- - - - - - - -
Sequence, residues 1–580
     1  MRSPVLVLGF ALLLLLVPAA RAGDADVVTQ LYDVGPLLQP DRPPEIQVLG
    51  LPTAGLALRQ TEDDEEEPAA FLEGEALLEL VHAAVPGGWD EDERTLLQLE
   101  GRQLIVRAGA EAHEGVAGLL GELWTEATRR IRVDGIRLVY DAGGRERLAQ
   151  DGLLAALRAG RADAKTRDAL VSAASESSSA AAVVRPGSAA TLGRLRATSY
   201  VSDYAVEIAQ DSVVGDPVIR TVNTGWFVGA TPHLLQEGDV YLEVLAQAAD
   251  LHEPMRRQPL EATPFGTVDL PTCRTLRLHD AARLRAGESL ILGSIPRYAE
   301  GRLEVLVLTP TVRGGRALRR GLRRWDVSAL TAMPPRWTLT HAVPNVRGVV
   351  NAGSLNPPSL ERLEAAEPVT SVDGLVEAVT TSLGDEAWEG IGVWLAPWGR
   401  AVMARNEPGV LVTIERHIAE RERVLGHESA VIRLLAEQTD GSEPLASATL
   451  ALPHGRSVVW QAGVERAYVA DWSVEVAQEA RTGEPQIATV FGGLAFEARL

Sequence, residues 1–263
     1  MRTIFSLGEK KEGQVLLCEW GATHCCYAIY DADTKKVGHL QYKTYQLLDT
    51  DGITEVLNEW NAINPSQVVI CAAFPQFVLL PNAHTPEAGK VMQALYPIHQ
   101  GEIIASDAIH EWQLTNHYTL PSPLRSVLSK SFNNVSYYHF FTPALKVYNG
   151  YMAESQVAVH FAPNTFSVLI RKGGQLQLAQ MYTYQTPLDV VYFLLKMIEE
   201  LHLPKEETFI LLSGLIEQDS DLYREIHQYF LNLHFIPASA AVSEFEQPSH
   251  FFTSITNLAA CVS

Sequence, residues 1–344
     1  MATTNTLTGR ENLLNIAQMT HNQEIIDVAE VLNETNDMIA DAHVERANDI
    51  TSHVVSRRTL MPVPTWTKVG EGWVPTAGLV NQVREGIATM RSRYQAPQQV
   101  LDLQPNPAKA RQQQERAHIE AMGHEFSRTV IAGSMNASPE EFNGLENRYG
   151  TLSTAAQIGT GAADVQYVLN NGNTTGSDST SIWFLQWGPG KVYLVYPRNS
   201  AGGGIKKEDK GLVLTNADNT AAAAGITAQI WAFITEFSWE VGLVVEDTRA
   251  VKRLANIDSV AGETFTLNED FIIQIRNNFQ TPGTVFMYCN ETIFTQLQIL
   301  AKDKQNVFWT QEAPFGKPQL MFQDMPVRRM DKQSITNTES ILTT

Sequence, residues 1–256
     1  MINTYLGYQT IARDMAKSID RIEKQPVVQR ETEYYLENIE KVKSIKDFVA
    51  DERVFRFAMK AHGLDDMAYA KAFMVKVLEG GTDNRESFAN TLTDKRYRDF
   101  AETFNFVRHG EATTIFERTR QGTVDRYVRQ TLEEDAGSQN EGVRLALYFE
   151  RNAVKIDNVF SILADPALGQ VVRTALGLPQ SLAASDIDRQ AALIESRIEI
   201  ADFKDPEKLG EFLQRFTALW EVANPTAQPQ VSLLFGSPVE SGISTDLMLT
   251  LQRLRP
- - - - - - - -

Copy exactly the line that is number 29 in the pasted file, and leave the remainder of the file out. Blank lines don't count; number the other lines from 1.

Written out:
    51  DERVFRFAMK AHGLDDMAYA KAFMVKVLEG GTDNRESFAN TLTDKRYRDF